There is a great deal of talk on both sides of the Atlantic about the plight of the right as the face the almost certain nomination of John McCain for the Republican Party.
The debate rages on about what committed conservatives should do.
Should they suck it up and do what is best for the party and the country? Should they admit that McCain, with all his ideological and policy faults, is better than either of the two likely nominees from the Democratic side of the fence? He might not be the most conservative Republican to run for that office but he is indisputably more conservative than Hillary and most especially Obama.
Or should they, as some are suggesting, take their toys and go home after Huckabee drops out? Not, of course, that Huckabee is that conservative either; he is merely more so than McCain in the social policy sense.
Does the toy analogy sound a bit harsh? Not if you read what some are saying on the social right. It isn’t difficult to understand how they feel. We have all been marginalized politically by better organized and more convincing forces. It comes with the territory of being a political activist.
One can look to the UK and the plight of the Conservative Party to see what happens when the latter strategy is adopted by a large number of those on the right.
Obviously the systems are rather different — unlike Britain, it is possible in the US to have a party control Congress and not the Presidency.
But that does not mean that the behavior of the various stripes of the right within the British Conservative Party is not food for thought and might be a note of caution for those truly considering doing something rash this November.
The trouble with “sitting a cycle out” or even sniping from the sidelines is that one can find that it is impossible to ever come in from the cold. Over the past decade of Labour rule in the UK, the Tory right has been ever so gradually marginalized in their own party to such an certain extent that many no longer find any place in the party at all.
The authoritarian right of the Tory Party, who go under the banner of the Monday Club, found themselves unceremoniously removed from the party and banned after the election of David Cameron.
Libertarian Conservatives and those who would consider themselves Thatcherite were harshly culled from the list of potential parliamentary candidates.
It used to be that it was possible to be selected to run for Parliament and not be on the approved list; but it was rare. Now it is not possible at all. These hard working party members were told they were not longer needed on the list and because of the change in the nature of the party there was no one there to make the case against the cull.
The rot set in when many on the right decided that the various leaders before David Cameron, whether it be William Hague or Iain Duncan Smith, were not what they would have liked.
This is, of course, after the crushing defeat in 1997 when many Tory voters voted “for change” (sound familiar) and drove their party out of power. Many of these voters and activists who did not help now regret the fact that they were an integral part of ensuring the Conservatives were kept out of office for over a decade.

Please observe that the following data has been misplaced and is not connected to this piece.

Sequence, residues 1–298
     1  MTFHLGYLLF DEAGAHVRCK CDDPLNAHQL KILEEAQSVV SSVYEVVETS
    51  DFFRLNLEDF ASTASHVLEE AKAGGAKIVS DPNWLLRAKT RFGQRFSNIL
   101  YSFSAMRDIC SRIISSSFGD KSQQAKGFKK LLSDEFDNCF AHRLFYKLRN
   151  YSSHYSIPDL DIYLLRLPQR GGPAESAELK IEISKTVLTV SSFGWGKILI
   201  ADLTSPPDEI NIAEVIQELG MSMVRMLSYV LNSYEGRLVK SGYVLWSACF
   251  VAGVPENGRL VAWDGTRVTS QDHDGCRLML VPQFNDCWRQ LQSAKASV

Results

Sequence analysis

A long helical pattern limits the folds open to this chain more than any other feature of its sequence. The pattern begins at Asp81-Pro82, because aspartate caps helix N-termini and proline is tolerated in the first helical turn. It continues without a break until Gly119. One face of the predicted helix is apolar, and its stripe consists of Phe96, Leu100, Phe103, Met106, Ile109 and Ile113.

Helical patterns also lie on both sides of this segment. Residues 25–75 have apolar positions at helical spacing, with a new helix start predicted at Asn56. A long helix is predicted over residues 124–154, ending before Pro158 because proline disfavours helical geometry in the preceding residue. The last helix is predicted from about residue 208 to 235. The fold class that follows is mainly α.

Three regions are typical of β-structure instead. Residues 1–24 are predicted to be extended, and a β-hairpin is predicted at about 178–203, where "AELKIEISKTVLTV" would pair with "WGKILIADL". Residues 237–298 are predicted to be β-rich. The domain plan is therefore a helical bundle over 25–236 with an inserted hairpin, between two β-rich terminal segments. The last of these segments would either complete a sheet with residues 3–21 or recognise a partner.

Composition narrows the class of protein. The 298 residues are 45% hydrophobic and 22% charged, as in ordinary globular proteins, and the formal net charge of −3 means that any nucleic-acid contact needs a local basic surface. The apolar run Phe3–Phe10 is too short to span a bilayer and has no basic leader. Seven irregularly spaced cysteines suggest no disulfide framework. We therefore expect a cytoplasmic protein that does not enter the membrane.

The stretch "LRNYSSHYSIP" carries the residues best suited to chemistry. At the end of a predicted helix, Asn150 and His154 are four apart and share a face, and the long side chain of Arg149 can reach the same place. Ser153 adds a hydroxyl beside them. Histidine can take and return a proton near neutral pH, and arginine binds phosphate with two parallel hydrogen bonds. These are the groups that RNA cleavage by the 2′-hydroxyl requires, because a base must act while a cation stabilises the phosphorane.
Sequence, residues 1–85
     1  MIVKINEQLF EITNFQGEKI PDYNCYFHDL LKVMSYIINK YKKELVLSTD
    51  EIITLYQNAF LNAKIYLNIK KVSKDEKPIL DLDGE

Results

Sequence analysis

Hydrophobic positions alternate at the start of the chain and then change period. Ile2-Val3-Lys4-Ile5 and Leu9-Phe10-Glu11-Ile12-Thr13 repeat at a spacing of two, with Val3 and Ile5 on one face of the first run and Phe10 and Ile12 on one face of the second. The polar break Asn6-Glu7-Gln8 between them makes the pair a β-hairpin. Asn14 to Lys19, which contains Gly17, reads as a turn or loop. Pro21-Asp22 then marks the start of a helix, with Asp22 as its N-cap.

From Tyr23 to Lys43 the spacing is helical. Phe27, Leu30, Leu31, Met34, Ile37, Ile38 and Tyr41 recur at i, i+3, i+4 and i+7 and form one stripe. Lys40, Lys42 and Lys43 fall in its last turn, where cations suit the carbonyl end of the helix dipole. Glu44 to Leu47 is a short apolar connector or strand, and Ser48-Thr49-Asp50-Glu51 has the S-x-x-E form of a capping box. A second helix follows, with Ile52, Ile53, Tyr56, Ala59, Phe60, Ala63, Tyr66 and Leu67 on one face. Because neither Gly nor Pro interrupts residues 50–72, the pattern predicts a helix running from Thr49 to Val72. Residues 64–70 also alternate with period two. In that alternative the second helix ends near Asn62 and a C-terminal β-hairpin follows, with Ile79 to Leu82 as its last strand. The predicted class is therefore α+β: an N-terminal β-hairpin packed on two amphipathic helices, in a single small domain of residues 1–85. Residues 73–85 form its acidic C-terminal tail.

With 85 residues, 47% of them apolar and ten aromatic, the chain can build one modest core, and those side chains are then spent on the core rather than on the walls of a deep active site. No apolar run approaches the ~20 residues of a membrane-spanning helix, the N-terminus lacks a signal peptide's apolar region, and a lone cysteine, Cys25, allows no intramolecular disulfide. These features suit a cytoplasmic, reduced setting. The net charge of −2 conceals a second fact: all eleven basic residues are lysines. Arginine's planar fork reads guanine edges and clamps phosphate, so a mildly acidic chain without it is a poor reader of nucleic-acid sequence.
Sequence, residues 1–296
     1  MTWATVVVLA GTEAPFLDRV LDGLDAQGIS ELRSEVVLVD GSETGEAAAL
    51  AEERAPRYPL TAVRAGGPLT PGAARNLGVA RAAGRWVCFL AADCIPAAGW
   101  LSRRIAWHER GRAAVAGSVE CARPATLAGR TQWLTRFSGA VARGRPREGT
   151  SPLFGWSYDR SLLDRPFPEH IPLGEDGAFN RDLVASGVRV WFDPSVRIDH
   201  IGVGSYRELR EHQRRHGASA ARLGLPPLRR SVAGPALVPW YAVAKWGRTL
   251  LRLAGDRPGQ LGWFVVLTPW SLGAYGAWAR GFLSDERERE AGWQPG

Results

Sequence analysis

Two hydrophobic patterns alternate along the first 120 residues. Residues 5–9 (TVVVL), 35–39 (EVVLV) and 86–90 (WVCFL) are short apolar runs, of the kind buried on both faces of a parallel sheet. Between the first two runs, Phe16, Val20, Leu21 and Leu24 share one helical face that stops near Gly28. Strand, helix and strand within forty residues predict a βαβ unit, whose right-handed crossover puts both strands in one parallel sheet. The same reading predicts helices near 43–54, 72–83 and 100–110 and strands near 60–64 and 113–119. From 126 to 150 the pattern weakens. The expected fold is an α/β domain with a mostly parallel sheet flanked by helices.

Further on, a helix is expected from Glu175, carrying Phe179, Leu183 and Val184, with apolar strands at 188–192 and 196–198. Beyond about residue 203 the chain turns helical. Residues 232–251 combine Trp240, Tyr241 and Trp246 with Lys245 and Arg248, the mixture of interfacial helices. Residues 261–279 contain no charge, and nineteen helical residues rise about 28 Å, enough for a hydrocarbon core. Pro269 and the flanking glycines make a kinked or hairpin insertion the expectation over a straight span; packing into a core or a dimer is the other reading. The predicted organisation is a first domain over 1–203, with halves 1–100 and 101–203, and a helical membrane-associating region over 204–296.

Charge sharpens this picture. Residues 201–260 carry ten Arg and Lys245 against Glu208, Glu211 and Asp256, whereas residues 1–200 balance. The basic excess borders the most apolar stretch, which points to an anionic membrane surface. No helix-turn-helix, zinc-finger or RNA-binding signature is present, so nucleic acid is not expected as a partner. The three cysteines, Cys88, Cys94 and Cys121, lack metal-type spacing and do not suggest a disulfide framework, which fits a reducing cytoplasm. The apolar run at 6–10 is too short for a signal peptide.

There is no sign that the British right’s sojourn outside of running the country will end any time soon either. Despite the fact the country is sinking into recession, rising crime, sky high taxes and a complete malaise, the Conservatives are hard-pressed to find themselves more than five points ahead in the polls. In order to take power they need a far higher poll rating.
This lack of ability to return to power comes despite the fact that David Cameron has taken the party by force to the center of British politics, far preferring slight variations on the underlying centrist consensus on the environment, tax and other policy to that of true Conservative values of his predecessors.
And for those on the right in the US please note that David Cameron’s centrism makes McCain look like a solid right-of-center type.
Some of his cabinet ministers are expressing openly their admiration for both Obama and Clinton.
The reason the various ilks of the right lost their foothold in the Conservative Party is that they didn’t stick around enough to fight their corner and keep their ideas in the mix. They allowed their frustration and angst to get the better of them. They flirted with the various minor fringe parties of the right like the Referendum Party and UKIP; in some case losing the Conservatives seats that were held by similar minded Members of Parliament.
I was among those on the right who got fed up and frustrated enough to go home and not bother.
Before they make the same mistake, the social and fiscal conservatives in the Republican Party should ask themselves if they really want to relinquish their party apparatus to RINOS/centrists for the foreseeable future? Do they really think it would be a good idea to have Clinton or worse, the socialist Obama in power for four or maybe even eight years? Losing is never fun but there are times, like this one, that one has to look at the whole picture.
And for a conservative, the picture clearly shows that McCain on his worst day is far better than Obama or Clinton.
Andrew Ian Dodge blogs at Dodgeblogium.